I moved to the U.S. in 2015 and wrote a syndicated article that first appeared in The Washington Post.  The article was helpful to my non-Muslim friends.  Now I’m looking for writing outlets and want to focus on creating understanding about Muslims.  Though I would also love to write on other topics.

    I would love to hear from you.

    Thank you and once again apologies for writing the letter instead of submitting my story about my name.

  3. Dear Majida,

    Wa ‘alaykum as-salam – and thank you for introducing yourself. I look forward to reading the story of your name.

    Memoirs are a special interest of mine (I am currently writing a book to help convert Muslims tell the story of their journey to Islam, and I have a few other memoir writing projects up my sleeve as well). When yours is finished, Insha’Allah, I hope you will tell us about it in more detail.

    There are many venues for writing about Islam and Muslims, and I like that you started big with an article in the Washington Post. As you may have discovered, this site lists numerous freelance opportunities of interest to Muslim writers. I am also working on a companion site, where freelance opportunities are organized by rate of pay.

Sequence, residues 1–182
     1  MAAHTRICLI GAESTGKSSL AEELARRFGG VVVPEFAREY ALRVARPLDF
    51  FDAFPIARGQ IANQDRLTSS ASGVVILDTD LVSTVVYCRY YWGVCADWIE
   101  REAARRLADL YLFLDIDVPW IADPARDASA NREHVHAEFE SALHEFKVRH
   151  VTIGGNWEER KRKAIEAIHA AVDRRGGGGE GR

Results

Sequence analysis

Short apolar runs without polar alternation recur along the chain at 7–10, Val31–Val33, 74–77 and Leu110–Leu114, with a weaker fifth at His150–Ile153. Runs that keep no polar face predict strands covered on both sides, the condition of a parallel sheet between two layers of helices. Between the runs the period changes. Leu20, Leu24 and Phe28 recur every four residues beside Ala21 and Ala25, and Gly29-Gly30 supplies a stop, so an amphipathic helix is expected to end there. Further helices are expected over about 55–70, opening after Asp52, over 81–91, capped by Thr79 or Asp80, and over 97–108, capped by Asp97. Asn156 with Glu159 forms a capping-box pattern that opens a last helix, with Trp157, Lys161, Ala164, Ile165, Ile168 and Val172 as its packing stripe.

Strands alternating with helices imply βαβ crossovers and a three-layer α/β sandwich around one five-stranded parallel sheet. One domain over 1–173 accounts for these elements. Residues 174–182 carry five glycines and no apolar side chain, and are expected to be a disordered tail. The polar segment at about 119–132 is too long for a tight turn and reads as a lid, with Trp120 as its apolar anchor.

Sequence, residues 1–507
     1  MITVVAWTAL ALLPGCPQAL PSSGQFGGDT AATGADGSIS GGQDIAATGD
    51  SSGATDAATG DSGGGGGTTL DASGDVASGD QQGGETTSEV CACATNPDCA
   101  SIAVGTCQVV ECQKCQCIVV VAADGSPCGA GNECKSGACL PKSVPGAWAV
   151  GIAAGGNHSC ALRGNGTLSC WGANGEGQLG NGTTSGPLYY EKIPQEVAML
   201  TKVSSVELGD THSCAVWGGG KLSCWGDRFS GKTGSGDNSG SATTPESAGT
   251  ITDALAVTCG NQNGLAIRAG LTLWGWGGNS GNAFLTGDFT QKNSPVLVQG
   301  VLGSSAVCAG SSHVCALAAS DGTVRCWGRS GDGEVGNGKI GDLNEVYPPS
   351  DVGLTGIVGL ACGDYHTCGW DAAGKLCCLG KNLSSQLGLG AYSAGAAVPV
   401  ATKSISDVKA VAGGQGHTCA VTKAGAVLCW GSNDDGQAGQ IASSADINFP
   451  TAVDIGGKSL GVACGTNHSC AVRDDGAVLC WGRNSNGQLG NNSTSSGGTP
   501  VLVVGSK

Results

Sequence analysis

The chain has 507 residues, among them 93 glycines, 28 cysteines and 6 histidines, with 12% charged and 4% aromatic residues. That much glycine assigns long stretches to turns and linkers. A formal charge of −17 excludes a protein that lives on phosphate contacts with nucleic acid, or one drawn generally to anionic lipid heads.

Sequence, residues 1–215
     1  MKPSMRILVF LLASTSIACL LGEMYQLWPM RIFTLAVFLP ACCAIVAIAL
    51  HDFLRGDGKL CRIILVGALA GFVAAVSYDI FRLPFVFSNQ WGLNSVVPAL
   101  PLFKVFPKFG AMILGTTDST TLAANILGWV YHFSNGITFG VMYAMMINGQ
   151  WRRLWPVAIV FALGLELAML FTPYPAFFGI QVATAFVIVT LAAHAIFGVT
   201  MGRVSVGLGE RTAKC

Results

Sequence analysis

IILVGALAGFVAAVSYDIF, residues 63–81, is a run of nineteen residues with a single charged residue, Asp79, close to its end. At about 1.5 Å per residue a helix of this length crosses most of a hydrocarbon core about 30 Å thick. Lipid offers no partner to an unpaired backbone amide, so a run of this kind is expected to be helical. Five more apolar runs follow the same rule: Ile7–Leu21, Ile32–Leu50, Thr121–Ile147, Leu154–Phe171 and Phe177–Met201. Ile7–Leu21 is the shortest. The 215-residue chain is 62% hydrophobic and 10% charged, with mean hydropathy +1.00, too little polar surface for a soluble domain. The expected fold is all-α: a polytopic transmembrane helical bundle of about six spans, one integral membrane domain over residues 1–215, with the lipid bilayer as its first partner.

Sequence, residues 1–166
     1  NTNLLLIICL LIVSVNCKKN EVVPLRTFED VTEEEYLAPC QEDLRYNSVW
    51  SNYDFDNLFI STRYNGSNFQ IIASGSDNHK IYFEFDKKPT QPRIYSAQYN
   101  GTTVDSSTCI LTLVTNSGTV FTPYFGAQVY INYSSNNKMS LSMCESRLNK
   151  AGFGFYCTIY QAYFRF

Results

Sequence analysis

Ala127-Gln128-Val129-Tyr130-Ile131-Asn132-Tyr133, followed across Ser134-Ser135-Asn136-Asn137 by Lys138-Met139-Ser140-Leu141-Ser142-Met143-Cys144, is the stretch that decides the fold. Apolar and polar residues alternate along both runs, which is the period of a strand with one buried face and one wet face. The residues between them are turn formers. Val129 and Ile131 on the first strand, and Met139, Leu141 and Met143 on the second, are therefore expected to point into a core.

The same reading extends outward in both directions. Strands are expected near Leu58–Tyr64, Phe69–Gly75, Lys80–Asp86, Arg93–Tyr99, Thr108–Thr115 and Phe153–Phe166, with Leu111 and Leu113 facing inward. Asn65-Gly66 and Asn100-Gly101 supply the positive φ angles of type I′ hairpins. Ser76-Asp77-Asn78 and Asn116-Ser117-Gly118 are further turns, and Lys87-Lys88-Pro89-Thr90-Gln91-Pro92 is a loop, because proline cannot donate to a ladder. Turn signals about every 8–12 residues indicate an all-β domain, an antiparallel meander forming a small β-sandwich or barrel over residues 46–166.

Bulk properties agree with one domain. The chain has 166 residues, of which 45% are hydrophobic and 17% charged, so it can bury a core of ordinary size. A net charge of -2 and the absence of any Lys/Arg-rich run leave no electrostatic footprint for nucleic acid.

In any case, welcome to the site. I am glad you found us.

    Amel – MWC Admin
    Amel recently posted…Featured Book: Bitter Sweet, by Sahira JavaidMy Profile

  4. Assalamu alaikum. I ran into your web site. I read your call for anecdotes involving our names. Please tell me how I should send it, and other rules and regulations. Thank you.

    • Assalamu alaikum Ms. Amel. I posted my contribution for ‘The story of your name’. But I fear I have not followed the guidelines strictly. So I shall upload again, now that the deadline has been extended. Will our entries be acknowledged?

      Jazakallahu khair.